Germanwings ‘black box’ shows co-pilot Andreas Lubitz sped up descent

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MARSEILLE, France  — Initial tests on the flight data recorder recovered from downed Germanwings Flight 9525 show that co-pilot Andreas Lubitz purposely used the controls to speed up the plane’s descent, according to the French air accident investigation agency, the BEA.

The flight data recorder, or “black box,” was found Thursday by recovery teams that have spent days since the March 24 crash scouring the mountainside in the French Alps where the plane went down.

A statement from the BEA said its teams had immediately begun to investigate its contents.

“A first reading shows that this pilot in the cockpit used the autopilot to engage the aircraft down to an altitude of 100 feet, and on several occasions during the descent, the pilot changed the driver setting automatically to increase the speed of the plane descending,” it said.

“Work continues to determine the specific parameters of the flight.”

Evidence from the plane’s cockpit audio recorder, recovered swiftly after the crash, had already led investigators to believe that Lubitz acted deliberately to bring down the plane, killing all 150 people on board.

And prosecutors in Germany said Thursday that an analysis of a tablet device retrieved from the 27-year-old’s apartment in Dusseldorf revealed that he had researched suicide methods and cockpit door security on the Internet.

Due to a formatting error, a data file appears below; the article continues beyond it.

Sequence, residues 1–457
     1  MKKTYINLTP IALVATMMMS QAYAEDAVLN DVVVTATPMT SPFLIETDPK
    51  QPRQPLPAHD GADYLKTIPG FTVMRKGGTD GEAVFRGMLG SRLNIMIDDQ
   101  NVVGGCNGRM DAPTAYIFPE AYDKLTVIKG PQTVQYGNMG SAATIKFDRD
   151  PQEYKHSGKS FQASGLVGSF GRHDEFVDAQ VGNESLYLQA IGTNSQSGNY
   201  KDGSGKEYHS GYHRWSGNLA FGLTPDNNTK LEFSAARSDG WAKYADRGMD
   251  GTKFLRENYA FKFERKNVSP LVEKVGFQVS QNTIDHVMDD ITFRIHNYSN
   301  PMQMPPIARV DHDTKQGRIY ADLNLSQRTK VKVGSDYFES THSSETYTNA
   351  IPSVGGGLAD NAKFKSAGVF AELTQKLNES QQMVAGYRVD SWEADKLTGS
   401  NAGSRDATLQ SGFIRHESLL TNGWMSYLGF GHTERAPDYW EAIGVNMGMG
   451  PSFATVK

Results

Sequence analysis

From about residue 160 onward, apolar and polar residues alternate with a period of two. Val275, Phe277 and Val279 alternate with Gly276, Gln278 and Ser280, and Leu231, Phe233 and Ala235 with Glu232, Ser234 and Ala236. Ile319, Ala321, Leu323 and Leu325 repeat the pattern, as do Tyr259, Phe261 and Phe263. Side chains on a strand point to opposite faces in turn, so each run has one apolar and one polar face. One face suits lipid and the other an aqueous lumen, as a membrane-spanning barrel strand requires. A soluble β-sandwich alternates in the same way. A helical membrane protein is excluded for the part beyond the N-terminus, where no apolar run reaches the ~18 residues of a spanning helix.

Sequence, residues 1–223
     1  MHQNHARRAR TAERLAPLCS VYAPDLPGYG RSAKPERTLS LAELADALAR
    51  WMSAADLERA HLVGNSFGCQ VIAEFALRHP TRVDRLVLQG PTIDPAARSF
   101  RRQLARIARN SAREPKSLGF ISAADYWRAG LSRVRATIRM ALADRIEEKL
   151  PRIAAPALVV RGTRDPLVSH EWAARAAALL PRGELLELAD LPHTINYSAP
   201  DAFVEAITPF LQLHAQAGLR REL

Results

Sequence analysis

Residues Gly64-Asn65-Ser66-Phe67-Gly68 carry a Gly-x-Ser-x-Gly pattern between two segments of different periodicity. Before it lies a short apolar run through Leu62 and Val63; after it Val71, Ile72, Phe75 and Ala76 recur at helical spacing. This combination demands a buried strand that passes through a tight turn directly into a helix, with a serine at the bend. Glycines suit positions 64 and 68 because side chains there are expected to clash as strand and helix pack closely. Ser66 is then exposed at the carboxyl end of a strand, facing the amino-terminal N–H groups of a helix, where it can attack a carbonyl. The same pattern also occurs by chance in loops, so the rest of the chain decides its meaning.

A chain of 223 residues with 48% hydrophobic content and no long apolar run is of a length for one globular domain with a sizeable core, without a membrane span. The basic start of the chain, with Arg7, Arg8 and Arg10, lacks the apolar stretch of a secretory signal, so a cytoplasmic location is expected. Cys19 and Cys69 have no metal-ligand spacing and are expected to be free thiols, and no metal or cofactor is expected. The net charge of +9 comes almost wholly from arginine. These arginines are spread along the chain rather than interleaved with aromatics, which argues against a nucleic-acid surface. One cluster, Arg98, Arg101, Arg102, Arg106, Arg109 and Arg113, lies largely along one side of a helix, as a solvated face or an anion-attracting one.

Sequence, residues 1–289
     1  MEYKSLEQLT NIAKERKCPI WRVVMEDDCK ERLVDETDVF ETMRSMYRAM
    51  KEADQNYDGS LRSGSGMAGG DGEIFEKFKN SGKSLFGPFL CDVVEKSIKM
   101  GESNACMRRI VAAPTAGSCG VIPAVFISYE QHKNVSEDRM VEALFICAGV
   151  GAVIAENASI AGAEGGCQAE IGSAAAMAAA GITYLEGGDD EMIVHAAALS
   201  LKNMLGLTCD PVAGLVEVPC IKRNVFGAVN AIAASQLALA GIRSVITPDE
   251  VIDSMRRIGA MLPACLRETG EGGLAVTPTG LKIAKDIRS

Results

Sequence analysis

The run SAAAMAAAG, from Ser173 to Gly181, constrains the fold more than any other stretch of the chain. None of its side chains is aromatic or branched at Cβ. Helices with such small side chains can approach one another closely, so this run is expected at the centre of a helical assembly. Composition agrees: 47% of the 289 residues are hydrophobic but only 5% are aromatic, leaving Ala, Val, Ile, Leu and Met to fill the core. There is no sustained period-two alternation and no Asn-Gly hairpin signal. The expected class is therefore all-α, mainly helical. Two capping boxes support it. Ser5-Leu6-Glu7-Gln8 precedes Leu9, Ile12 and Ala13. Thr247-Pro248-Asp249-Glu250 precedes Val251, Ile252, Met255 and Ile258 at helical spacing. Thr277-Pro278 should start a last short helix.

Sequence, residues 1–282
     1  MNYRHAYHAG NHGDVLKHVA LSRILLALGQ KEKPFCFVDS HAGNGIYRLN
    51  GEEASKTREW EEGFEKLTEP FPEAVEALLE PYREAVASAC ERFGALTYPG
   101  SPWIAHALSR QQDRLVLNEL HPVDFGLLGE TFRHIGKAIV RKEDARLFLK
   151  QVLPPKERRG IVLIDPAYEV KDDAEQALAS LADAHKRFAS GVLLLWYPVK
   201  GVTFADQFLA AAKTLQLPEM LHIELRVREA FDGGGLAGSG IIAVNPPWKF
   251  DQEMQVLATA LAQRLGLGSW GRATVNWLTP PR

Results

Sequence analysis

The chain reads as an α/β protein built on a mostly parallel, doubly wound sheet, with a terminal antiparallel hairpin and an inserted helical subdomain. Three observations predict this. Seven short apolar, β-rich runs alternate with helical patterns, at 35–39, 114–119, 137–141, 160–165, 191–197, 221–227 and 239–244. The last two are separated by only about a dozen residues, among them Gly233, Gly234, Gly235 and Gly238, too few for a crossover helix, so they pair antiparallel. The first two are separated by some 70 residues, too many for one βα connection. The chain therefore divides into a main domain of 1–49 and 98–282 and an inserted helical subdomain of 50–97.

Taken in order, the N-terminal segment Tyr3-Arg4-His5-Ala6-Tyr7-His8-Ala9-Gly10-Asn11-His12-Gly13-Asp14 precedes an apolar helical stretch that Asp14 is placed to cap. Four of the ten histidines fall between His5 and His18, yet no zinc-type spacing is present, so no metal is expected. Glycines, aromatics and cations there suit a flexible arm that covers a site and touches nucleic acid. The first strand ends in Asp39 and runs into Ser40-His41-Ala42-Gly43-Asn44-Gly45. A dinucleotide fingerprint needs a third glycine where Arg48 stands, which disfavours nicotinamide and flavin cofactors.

The correspondence and search history on the device demonstrated that the co-pilot used it from March 16 to March 23, Dusseldorf prosecutor Christoph Kumpa said.

The search history was not deleted and also revealed searches concerning medical treatment, the prosecutor said.

Investigators have focused on Lubitz’s health as they try to establish his motivation.

But the missing “black box” was expected to yield important evidence about the plane’s final minutes.

A female police officer digging by hand for clothes in a ravine that been searched previously found the flight data recorder Thursday afternoon about 8 inches (20 centimeters) below the surface, Marseille prosecutor Brice Robin told reporters.

Normally white with florescent orange, this discovered recorder lived up to its name as a black box because fire had darkened it with ashes.